What is card cracking? It occurs when someone gives away their banking information to a third-party expecting a legitimate action to take place. For instance, you enter a contest or sign up for a promotion, but as part of the entry, your banking information is required. Who would willingly give away their banking information to someone they don’t know? Let’s look at three scenarios.
Card cracking scenario #1
A website or social media site offers a contest for a terrific prize. The contest could be for anything from a dream vacation to a celebrity’s new book to an iPhone. The options are endless. The only hitch is the winner must make a deposit or pay for shipping.
Card cracking scenario #2
A company is offering work-at-home opportunities and you’re chosen as one of the lucky candidates. The company needs to make payroll arrangements, which means they need a way to send you money.
Once you’ve given up your card number and PIN, your account can be drained at will by a third-party at their convenience.
If you make the mistake of turning over your banking information in scenario #1 or #2, it’s possible for the scammer to begin making withdrawals from your account. Once you’ve given up your card number and PIN, your account can be drained at will by a third-party at their convenience.
Card cracking scenario #3
The third card cracking scenario involves a little human trait called greed. Everyone wants a little extra cash, right? And, it just so happens you saw that post on social media in which some guy said you could get fast cash just by giving up access to your bank account. For each transaction the guy runs through your account, you get a piece of the action. Don’t laugh, this happens all the time, especially with students.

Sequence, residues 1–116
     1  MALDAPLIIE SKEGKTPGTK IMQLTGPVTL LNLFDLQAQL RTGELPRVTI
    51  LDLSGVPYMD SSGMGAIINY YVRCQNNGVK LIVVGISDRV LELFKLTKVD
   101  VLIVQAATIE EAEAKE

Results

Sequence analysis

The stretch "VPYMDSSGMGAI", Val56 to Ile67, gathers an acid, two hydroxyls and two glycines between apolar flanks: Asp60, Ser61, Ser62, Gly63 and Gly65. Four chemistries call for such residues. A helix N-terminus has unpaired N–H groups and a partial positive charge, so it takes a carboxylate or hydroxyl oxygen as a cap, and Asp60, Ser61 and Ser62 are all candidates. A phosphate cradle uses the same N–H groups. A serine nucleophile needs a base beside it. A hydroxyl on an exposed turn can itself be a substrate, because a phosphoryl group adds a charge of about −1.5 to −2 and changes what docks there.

How scenario #3 works
The scam begins when you give your debit card number and PIN or password to the card cracker. Once the card cracker has access to an account, he starts making deposits—a lot of them. For each deposit, there will be a corresponding withdrawal made before the bank can verify funds. Think of it as a pyramid scheme in which money coming in covers money going out—until it all stops.
Eventually, the cycle will stop. When it does, the bank will turn to you for their losses…
When the crackers crumble
Eventually, the card cracking cycle will end. When it does, the bank will turn to you for their losses and it will be extremely hard to argue the transactions were unauthorized, i.e., you’re stuck. Also, the police are cracking down on card crackers, which means those who have cooperated could conceivably face criminal charges themselves along with the card crackers.
Until the card cracking cycle stops, the scammers hope the rewards they pay out are enough to keep the account holder quiet. Students are especially vulnerable to this type of scam. They might be inexperienced in financial matters, naive enough to believe their new social media friend, or could be desperate and see the risks as outweighing the rewards.
No matter what your situation, keep tight control over your debit and credit cards and never provide those numbers or the security codes unless you’re dealing with a legitimate entity.
This month’s companion post, Avoiding fake contests and promotions can be found in The Snitch, August edition.